BioMiner & Personalized Medicine: A new perspective


Personalized medicines have become a very important part of the medicine world now a days. They are also known as ‘Individualized Medicines’. Personalized medicines allow a doctor to prescribe more specific and efficient medicines to a particular patient. This concept has created many more opportunities and aspects in the medicine world.

Personalized medicine concept is accomplished by obtaining high-throughput data sets from genomics, transcriptomics, proteomics and metabolomics, but more specifically it requires the ‘cross-omics’, i.e., linkage between transcriptomics, proteomics and metabolomics. Currently, there are simple web-based tools which do not allow much access to the high throughput datasets from the omics. But a new novel web based tool “Biominer” has been launched recently which provides access to a wide variety of high-throughput datasets. This tool was developed within the scope of an international and interdisciplinary project (SYSTHER).

Biominer provides the user various facilities with convenient tools which help them to analyze the high-throughput datasets and provides a deep insight for complex cross-omics datasets with enhanced visualization abilities.

Since Biominer was developed under Systher (System Biology  Tools Development for Cell Therapy and Drug Development – project so its main focus is on cancer.

Public data repositories such as Gene Expression Omnibus (GEO) and ArrayExpress for microarray data, PRoteomics IDEntifications (PRIDE) for proteomics data, or Sequence Read Archive (SRA) of NCBI are used to store the biological high-throughput datasets for next- generation sequencing. The only limitation with these repositories is that they store biological data of a dedicated set of single omic type and do not support the cross-omics.

A database namely, SystherDB has been developed in which the stored data is well presented and easily accessible, and whose data is mined and analyzed by the BioMiner tools. A public instance of BioMiner is freely available online. It currently contains 18 different studies, with almost 4,000 microarrays and more than 187 Mio measured values of genes, proteins, or metabolites. Since BioMiner was developed in the SYSTHER project, most of the studies are focused on the glioblastoma multiforme (GBM).


Fig.1 Workflow of BioMiner


  1. BioMiner uses Google Web Toolkit (GWT) for the graphical user interface (GUI).
  2. A separate MySQL database is created which is manually curated and used to store the Experimental data from genomics, proteomics and metabolomics.
  3. Data import has to be performed by a dedicated specialist to ensure the data consistency.
  4. Response time is with in just a few seconds, for this purpose special indexing methods are implemented.
  5. Metabolite data are annotated using three different identifier systems: Golm Metabolome Database, Human Metabolome Database (HMDB), and Kyoto Encyclopedia of Genes and Genomes (KEGG).
  6. Predefined cross-omics relationship (e.g., a mapping of metabolites onto genes or vice versa) among the biological datasets.
  7. Pathway and functional information from Reactome, KEGG, and Wiki- Pathways.
  8. Gene Ontology is also supported.
  9. Correlation analyses (statistical analysis of any two variables) are based on Pearson correlation coefficients.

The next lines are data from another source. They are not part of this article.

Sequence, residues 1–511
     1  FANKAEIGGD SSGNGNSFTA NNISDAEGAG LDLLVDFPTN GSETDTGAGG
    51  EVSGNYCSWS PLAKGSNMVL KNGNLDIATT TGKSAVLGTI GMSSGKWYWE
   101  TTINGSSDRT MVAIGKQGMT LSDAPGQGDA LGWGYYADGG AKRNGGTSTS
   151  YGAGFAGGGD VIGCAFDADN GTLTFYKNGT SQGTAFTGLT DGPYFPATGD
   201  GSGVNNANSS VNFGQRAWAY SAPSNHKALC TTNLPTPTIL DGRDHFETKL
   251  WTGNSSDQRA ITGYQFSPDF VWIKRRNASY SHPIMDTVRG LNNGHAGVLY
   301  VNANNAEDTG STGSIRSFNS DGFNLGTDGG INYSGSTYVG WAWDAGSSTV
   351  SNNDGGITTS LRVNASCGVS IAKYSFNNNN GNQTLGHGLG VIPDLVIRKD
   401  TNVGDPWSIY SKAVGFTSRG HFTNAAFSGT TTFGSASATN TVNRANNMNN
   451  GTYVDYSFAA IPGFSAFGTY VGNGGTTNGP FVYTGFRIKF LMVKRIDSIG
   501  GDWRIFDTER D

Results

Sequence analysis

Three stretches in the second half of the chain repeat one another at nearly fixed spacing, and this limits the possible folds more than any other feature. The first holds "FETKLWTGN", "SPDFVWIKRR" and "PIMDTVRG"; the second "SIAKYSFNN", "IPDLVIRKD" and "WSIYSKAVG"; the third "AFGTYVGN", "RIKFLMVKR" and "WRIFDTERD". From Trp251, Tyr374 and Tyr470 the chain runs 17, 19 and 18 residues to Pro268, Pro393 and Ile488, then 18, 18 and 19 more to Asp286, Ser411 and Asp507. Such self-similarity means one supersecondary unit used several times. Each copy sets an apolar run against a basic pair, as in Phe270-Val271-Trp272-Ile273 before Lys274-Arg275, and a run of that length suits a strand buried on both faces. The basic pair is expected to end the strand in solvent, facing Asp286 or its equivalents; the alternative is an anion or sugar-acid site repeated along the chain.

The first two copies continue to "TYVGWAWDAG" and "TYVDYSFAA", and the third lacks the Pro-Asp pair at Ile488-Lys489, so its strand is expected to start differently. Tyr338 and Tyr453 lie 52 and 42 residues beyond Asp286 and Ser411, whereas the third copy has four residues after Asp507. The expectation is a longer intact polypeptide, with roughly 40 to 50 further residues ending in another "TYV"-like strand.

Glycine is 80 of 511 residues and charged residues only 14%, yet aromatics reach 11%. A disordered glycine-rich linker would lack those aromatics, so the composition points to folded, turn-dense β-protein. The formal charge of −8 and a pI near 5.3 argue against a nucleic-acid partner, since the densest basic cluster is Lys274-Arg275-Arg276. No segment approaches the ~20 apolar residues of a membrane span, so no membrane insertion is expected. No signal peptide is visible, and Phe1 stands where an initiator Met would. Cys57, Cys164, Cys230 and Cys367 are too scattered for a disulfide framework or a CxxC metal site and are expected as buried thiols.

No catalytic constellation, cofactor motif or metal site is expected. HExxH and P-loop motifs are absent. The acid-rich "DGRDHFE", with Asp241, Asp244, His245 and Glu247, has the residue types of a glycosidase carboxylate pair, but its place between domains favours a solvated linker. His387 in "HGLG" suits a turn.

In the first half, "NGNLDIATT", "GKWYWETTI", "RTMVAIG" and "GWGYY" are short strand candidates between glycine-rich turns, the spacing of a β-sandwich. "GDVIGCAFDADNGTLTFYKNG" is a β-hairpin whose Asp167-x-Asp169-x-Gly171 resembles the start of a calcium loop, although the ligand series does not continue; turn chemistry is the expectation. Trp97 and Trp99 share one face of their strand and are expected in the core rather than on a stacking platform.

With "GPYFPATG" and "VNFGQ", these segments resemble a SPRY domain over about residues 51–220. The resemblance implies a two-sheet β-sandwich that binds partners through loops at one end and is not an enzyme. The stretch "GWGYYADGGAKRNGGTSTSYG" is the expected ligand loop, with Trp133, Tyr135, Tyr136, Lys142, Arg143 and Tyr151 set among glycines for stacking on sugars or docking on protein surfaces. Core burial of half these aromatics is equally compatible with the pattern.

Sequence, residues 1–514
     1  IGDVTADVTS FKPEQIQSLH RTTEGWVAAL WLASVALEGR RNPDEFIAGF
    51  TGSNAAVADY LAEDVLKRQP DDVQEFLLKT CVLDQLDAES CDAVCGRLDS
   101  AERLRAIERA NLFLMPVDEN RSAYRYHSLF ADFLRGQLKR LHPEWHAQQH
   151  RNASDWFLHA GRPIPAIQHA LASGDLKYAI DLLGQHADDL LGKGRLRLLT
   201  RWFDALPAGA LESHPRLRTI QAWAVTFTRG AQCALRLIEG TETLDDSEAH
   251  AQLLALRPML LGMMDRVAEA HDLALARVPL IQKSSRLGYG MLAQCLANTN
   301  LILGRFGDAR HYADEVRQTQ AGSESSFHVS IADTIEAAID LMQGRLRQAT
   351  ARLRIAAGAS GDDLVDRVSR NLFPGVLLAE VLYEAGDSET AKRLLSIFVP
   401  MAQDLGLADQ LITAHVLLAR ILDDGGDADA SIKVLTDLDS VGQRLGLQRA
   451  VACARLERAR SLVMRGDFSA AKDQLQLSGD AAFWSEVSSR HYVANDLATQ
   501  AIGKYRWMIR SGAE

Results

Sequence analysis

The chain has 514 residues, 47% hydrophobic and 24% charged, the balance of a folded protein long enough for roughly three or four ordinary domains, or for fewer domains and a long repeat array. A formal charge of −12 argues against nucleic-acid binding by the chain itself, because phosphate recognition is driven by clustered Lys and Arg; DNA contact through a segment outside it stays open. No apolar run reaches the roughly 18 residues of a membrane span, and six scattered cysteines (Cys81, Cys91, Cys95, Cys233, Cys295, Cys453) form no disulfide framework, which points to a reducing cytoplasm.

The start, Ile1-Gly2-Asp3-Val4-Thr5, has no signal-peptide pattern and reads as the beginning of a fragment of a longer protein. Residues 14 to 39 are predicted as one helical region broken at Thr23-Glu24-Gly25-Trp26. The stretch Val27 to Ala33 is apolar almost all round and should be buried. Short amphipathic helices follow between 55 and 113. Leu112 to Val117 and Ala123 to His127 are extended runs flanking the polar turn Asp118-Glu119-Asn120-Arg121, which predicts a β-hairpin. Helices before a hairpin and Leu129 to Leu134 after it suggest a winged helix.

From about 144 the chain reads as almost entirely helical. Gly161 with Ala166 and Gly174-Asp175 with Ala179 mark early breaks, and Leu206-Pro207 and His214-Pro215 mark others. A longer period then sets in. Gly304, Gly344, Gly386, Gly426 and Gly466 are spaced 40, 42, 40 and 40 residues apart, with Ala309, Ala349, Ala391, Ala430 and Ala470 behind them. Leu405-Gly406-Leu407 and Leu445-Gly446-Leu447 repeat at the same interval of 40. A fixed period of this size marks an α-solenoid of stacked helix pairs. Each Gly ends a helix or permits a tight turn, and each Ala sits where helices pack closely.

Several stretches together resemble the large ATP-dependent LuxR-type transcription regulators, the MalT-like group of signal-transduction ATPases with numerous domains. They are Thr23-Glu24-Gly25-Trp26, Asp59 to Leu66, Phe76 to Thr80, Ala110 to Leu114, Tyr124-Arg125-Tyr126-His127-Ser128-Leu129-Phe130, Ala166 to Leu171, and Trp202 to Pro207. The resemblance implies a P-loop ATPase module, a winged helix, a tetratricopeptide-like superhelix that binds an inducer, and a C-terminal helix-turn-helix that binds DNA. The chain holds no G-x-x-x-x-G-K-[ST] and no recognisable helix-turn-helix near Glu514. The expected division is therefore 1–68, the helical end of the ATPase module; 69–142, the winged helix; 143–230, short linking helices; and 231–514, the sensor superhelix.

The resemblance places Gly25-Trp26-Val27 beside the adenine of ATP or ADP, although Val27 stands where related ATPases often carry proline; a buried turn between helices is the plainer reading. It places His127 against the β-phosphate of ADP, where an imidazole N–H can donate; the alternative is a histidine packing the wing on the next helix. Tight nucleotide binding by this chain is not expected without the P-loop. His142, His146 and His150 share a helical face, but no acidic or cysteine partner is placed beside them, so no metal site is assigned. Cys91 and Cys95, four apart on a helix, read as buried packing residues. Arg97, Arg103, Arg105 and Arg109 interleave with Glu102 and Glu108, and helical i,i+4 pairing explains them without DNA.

10. Correlations are calculated for high-variance genes (by default top 500 genes).
  11. BioMiner complies with public data management standards such as Minimum Information About a Microarray Experiment (MIAME), Minimum Information About a Proteomics Experiment (MIAPE), and Minimum Information About a Metabolomics Experiment (MIAMET).
  12. ENSEMBL database is used for cross-mapping between the genes and proteins.
  13. Cross-mapping between the genes and metabolites the combined information of ConsensusPathDB and HMDB is used.



Fig2 . Data mining with Biominer. screenshots of different results from data mining with Biominer including the following: (a) study overview,  (B) detection of differentially expressed genes, (C) correlation of gene expression and survival time, (d) identification of significantly enriched pathways, (e) visual pathway inspection based on predefined layouts, and (f) biomolecule comparison of gene and protein expression. results are typically presented in synchronized, parallel views composed of a table and a plot.


Fig3. Pathway visualization. Interactive pathway visualization of the cell cycle pathway from WikiPathways repository.

BioMiner is a web-based tool which provides various tools for studying the statistical analysis and a deep insight of transcriptomics, proteomics and metabolomics with cross-omics concept. Results are presented in two parallel views composed of a table and a plot. Both views are interactive and user-defined selections can be synchronized. Pathway visualization is achieved by extending the PathVisio library. It also provides clinicians and physicians a platform integrating high-throughput data together with clinical parameters, thereby leading to better personalized medicines.


Chris Bauer1, Karol stec1, alexander Glintschert1, Kristina Gruden2, Christian schichor3, michal or-Guil4,5, Joachim selbig6 and Johannes schuchhardt1

Muniba is a Bioinformatician based in the South China University of Technology. She has cutting edge knowledge of bioinformatics tools, algorithms, and drug designing. When she is not reading she is found enjoying with the family. Know more about Muniba

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HOW TO CITE THIS ARTICLE Muniba Faiza (2015). BioMiner & Personalized Medicine: A new perspective. Bioinformatics Review, 1 (10)
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